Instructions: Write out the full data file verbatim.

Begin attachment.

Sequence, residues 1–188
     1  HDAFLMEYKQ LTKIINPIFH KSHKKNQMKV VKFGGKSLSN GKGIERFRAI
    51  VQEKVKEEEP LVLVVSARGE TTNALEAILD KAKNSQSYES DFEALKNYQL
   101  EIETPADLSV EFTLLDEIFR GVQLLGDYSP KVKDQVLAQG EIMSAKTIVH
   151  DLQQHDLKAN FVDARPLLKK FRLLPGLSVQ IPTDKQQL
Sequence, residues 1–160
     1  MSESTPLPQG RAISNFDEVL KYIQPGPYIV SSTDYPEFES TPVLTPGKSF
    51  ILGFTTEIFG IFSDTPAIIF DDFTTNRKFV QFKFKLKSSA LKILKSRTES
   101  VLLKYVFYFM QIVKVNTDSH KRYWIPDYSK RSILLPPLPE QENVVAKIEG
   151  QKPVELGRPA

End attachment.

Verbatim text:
Sequence, residues 1–188
     1  HDAFLMEYKQ LTKIINPIFH KSHKKNQMKV VKFGGKSLSN GKGIERFRAI
    51  VQEKVKEEEP LVLVVSARGE TTNALEAILD KAKNSQSYES DFEALKNYQL
   101  EIETPADLSV EFTLLDEIFR GVQLLGDYSP KVKDQVLAQG EIMSAKTIVH
   151  DLQQHDLKAN FVDARPLLKK FRLLPGLSVQ IPTDKQQL
Sequence, residues 1–160
     1  MSESTPLPQG RAISNFDEVL KYIQPGPYIV SSTDYPEFES TPVLTPGKSF
    51  ILGFTTEIFG IFSDTPAIIF DDFTTNRKFV QFKFKLKSSA LKILKSRTES
   101  VLLKYVFYFM QIVKVNTDSH KRYWIPDYSK RSILLPPLPE QENVVAKIEG
   151  QKPVELGRPA